personal–aligns with the Red Scare of communism in the middle to latter part of the last century. If America moved too far away from its strong Christian values, the concern was it would open the country to communist influence. Today’s concern has shifted to the fear of socialism, which is also seen as ungodly. Ultimately, this is a soul issue. While endeavoring to preserve God’s favor on the nation, believers must also take care not to lose God’s favor because of one’s own personal struggle with sin. The fear of disappointing God cannot be underestimated nor can the fear of punishment from a Divine parent who scripture says can’t stand to even look at us if we sin.7,8 To this end, separation from the world protects the nation from destruction, protects believers from the annihilation of their souls through salvation to heaven and from eternal punishment in hell, and protects Fundamentalism from losing the next generation of Fundamentalists.
The importance of separateness extends to all elements of life. In order to protect us from sin we had many strict rules about hair, clothing, music, TV, movies, businesses we could patronize and those we should not, church attendance, bible-reading, what we were not allowed to read, tithing, social interactions, and recreational activities. In our church and school, women were not allowed to wear pants and no one was permitted to wear clothing made of jean material since blue jeans at the time were preferred by “the world.” In order to not act like the world we were forbidden to dance, listen to anything other than church music, drink alcohol or patronize establishments that served alcohol. Movie theaters were off-limits and mixed swimming was prohibited. All of this is designed to remove the temptation of sin and abstain from the appearance of evil.
Separation is not only a means of protection, but it is a religious imperative. A culture of separateness serves as an example to others of how one should live. Being recognizably different shows we were not “conformed to this world”9 and provides an opportunity for witnessing. The hope is people will take notice and say, “You seem different, what is it about you?” opening the door for a conversation about salvation. In a cosmic battle between good and evil, in which winning and losing is seen as a zero-sum game, separation from the world protects Fundamentalism from the annihilation it inherently fears of losing influence in the world to the evils of modernity. And yet, in a Manichaean belief system, the world is understood as hopelessly lost. The types of cultural changes America has experienced over the last 60 years including issues like abortion, marriage equality, transgender rights – all reinforce the belief that the world will forever continue to devolve into greater and greater sin, chaos and debauchery. The only hope for escape is through Christian conversion which offers salvation from the death and destruction of this world to a paradise with God in the next before God ultimately destroys the earth. The role of fundamentalism is to hold the line for God like Lot as the last righteous man in Sodom.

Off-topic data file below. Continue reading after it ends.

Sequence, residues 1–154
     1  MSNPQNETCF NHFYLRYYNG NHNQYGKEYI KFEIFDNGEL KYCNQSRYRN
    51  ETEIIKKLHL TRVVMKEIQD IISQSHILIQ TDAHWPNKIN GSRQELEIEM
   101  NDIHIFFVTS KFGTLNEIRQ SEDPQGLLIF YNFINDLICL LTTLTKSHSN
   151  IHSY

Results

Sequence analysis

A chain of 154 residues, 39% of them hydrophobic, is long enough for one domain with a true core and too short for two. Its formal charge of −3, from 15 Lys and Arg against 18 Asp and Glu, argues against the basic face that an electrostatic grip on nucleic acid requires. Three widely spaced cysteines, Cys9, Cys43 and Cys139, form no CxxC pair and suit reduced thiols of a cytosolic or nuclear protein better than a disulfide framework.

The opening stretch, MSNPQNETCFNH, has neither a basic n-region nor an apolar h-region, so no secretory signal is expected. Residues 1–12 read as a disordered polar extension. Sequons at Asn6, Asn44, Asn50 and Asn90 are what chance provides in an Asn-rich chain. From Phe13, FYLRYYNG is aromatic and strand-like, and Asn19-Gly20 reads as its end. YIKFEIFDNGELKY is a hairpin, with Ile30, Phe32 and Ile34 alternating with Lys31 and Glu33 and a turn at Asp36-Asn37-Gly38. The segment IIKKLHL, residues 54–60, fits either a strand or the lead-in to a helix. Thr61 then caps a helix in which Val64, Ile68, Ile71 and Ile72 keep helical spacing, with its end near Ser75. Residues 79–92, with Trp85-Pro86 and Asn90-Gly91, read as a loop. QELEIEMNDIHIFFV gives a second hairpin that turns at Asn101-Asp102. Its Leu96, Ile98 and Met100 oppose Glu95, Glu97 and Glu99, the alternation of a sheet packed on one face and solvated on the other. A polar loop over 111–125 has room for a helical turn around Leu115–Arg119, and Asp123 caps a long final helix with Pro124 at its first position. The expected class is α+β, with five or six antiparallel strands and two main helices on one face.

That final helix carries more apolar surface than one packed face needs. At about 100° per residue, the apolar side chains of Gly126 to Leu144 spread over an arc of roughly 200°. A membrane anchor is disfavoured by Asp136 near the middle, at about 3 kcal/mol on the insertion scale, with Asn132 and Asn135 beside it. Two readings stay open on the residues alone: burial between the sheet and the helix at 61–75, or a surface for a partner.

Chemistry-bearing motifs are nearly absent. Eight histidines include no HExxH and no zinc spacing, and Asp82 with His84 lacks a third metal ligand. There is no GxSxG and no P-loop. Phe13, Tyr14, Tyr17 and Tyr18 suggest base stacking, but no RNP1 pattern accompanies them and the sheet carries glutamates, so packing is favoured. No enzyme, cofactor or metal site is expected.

The need for maintaining autonomy and control within these separate religious schools often included refusing state oversight which meant many private schools like mine were not accredited. Being accredited required submission to the authority of the State and compliance with curriculum requirements and regulations. This was unacceptable to the leaders of our church and school. It was rejected in part because they believed the only authority they were beholden to is God. When my parents learned our Christian school was not accredited and that most colleges require an accredited diploma for admission, I moved to the public high school for the completion of my education. This was its own culture shock, but it’s what set me on an eventual path out of fundamentalism – a path my former school leaders were certain would lead to my destruction. It was, in reality, the first step on my path to freedom and a more authentic relationship with God.
- Billy Graham: In the World, But Not of It
- What is Religious Fundamentalism
- The Rise of American Authoritarianism
- Don’t Discount Evangelicalism as a factor in racist murder of Asian spa workers in Georgia
- Matthew 7:13-14 Enter ye in at the strait gate: for wide is the gate, and broad is the way, that leadeth to destruction, and many there be which go in thereat: Because strait is the gate, and narrow is the way, which leadeth unto life, and few there be that find it.
- Matthew 5:11 Blessed are ye, when men shall revile you, and persecute you, and shall say all manner. of evil against you falsely, for my sake.
- Habakkuk 1:13a Your eyes are too pure to look on evil
- Isaiah 63:6 But we are all as an unclean thing, and all our righteousness are as filthy rags; and we all do fade as a leaf; and our iniquities, like the wind, have taken us away.
- Romans 12:2 And be not conformed to this world: but be ye transformed by the renewing of your mind, that ye may prove what is that good, and acceptable, and perfect, will of God.
Christy Caine is the former Director of The Burkhart Center. Questions can be sent to firstname.lastname@example.org. The views and opinions expressed in this article are those of the author and do not necessarily reflect those of First Community or The Burkhart Center.